This story originally aired in March 2013:
Captain Claude Platte just turned 92 years-old. I sat down with him in his Fort Worth home to talk to him about his life experiences. We discussed Platte making history as the first black pilot in the United States Air Force and one of the original Tuskegee Airmen.
Before 1940, African-Americans were barred from flying for the U.S. military. Civil rights organizations and the black media pressured the Government, which later formed an all African-American pursuit squadron based in Tuskegee, Alabama, in 1941. They became known as the Tuskegee Airmen.
“Tuskegee Airmen” refers to all who were involved in the so-called “Tuskegee Experiment,” the Army Air Corps program to train African-Americans to fly and maintain combat aircraft. The Tuskegee Airmen included pilots, navigators, bombardiers, maintenance and support staff, instructors, and all the personnel who kept the planes in the air.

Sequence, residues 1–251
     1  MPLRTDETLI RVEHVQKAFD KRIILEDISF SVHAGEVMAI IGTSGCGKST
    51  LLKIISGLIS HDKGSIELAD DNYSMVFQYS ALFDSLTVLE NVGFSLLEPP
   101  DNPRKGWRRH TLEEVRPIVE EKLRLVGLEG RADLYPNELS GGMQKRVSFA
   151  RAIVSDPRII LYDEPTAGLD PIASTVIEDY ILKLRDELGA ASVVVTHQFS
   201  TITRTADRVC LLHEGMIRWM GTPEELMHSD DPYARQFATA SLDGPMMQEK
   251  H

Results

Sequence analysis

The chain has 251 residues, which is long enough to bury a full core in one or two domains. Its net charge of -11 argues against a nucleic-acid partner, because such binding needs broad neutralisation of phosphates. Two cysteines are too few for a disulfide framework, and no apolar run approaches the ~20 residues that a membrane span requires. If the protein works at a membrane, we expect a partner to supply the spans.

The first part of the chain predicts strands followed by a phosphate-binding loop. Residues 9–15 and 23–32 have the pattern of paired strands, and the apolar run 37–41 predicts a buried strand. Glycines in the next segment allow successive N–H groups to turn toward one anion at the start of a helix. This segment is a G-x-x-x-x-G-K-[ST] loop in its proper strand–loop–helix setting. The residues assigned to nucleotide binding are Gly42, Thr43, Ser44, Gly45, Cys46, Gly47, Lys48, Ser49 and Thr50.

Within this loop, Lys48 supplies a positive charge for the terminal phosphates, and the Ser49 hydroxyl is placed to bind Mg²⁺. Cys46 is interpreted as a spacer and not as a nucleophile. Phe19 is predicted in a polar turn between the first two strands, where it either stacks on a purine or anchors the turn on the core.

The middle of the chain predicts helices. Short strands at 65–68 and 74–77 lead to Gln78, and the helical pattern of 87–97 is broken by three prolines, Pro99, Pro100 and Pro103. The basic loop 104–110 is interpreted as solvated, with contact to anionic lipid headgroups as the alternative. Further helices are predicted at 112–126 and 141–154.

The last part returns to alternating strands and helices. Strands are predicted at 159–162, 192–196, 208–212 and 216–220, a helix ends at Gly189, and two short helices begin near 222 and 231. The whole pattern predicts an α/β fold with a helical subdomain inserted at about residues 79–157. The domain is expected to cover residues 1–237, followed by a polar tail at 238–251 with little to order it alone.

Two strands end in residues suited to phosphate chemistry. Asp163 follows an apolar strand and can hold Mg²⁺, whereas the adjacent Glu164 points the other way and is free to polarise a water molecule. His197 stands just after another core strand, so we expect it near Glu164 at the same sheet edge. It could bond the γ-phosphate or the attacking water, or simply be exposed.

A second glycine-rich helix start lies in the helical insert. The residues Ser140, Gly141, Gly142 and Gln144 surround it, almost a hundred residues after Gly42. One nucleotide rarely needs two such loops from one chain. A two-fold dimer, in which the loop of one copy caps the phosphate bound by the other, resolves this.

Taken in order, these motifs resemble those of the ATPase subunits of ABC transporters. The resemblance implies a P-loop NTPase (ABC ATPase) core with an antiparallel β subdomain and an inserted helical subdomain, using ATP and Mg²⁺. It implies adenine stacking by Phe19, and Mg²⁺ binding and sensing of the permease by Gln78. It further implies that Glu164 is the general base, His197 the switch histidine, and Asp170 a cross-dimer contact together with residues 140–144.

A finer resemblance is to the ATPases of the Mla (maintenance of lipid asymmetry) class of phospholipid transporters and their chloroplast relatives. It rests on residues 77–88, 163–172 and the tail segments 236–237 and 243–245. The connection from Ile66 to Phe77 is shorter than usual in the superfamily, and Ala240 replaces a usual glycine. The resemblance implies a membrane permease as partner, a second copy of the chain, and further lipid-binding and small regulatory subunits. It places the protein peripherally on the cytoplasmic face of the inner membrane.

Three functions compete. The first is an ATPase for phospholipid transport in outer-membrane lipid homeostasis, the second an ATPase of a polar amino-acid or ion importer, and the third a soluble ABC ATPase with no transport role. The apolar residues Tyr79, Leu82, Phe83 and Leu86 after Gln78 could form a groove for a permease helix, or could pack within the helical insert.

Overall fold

Captain Platte became one of the first and original members of Tuskegee Airmen. His class scored highest on all of his flight exams, proving to the World that Blacks were mentally competent. They would later become known for their cool maneuvers and the combat pilots escorted bombers in attacks in Italy. They were well trusted in the war for protecting planes.
Platte was not a combat pilot but would become a pilot instructor training 300 future Tuskegee Airmen.
Capt. Platte wanted to be a doctor after his work at Tuskegee, but the draft board told him they would send him to the Army. He then decided to sign up for the newly formed Air Force instead of going to the Army. Once the Air Force learned he was a Tuskegee Airman, they immediately made him take a test to become a pilot. But he was put in the kitchen as a cook instead of a flight cadet. When they later realized the mistake, he became the first black pilot in the newly formed Air Force.
Today he lives with his wife of more than 30 years, Erma Bonner-Platte, in his hometown of Fort Worth, Texas.